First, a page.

Economist William Watson had a great column last week in the Financial Post on why the Olympics works differently from the world economy.
Noting China’s sudden dominance in gold-medal victories, Watson figures some Canadians might be wondering whether the developing nations that are beating us so handily now at track, gymnastics and field hockey will soon be wiping the floor with us economically.
It’s a good question. Fortunately, as Watson writes, “economic life is very different from Olympic life.”
Point 1: In the Olympics, you're either a winner or a loser. There are no medals for fourth place, even if you finish one-tenth of a second out of gold. “But in economic life,” says Watson, “close counts a lot.”
If you are lucky enough to be the country whose living standards are ranked fourth-best in the world, you still have it pretty good. Iceland last year was No. 1, with a score of 0.968 out of a possible 1.0. Canada was fourth, with 0.961. The difference among the top countries is essentially negligible.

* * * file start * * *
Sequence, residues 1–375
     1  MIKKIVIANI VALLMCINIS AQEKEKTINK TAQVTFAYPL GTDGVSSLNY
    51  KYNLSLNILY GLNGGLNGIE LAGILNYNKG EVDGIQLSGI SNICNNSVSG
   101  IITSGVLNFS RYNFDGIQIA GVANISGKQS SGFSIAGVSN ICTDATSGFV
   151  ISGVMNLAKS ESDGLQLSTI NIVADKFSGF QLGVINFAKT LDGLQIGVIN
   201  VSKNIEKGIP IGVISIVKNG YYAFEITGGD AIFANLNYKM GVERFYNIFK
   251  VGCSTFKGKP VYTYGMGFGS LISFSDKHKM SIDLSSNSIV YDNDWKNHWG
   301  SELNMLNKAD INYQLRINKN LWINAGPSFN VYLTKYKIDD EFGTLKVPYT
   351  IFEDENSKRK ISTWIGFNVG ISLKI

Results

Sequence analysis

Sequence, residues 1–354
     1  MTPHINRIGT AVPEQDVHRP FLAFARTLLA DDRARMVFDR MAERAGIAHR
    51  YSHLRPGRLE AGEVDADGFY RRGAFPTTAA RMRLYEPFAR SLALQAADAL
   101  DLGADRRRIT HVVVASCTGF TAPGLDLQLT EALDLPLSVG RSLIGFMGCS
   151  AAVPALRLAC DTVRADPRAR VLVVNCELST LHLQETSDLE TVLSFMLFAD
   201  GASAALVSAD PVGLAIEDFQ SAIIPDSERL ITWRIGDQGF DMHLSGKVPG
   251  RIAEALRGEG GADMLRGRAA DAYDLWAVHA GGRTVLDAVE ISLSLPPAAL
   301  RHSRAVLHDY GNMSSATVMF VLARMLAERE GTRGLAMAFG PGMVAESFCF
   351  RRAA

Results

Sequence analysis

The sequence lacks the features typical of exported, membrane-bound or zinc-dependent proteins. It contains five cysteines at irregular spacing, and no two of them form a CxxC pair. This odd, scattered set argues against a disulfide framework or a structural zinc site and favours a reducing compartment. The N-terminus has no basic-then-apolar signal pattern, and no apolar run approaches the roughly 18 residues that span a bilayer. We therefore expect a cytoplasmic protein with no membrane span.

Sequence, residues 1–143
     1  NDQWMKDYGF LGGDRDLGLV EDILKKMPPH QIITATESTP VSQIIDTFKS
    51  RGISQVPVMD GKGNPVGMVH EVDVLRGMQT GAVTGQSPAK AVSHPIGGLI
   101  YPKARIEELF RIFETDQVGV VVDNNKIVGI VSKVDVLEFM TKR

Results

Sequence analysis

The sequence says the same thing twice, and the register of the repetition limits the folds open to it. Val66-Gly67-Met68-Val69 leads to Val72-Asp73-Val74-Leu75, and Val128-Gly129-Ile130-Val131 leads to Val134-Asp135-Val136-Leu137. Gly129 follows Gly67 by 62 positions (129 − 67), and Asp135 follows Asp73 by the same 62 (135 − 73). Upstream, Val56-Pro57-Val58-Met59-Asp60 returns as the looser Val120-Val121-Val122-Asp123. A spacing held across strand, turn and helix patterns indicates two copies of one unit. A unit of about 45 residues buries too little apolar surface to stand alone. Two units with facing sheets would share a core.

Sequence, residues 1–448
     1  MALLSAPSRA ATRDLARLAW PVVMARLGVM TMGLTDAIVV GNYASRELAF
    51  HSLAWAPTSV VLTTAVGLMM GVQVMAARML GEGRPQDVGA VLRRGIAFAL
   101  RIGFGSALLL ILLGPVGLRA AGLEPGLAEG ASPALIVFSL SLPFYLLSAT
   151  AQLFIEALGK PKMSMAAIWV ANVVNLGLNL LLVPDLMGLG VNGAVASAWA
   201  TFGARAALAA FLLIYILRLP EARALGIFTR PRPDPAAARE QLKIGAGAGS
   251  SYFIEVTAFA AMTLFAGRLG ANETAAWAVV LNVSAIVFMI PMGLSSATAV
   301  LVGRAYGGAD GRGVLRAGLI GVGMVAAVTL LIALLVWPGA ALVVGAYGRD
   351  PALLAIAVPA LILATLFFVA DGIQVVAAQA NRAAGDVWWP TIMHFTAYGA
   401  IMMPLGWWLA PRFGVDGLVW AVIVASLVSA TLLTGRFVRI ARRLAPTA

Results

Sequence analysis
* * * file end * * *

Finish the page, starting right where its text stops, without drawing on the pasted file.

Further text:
Point 2: Economics is not a zero-sum game. Winners create wealth, they don't take it from other countries. With China, India and other countries emerging from poverty to become industrial powerhouses, Canada may lose some companies, and indeed whole industries. But we also gain billions of new customers, with growing appetite for imported goods and services that smart businesses are moving to supply.
As Watson concludes, “economic life is almost infinitely expandable. The number of medals available to be won is limited only by our imagination and entrepreneurship. There are plenty for everyone.”
You can read Watson's original article here.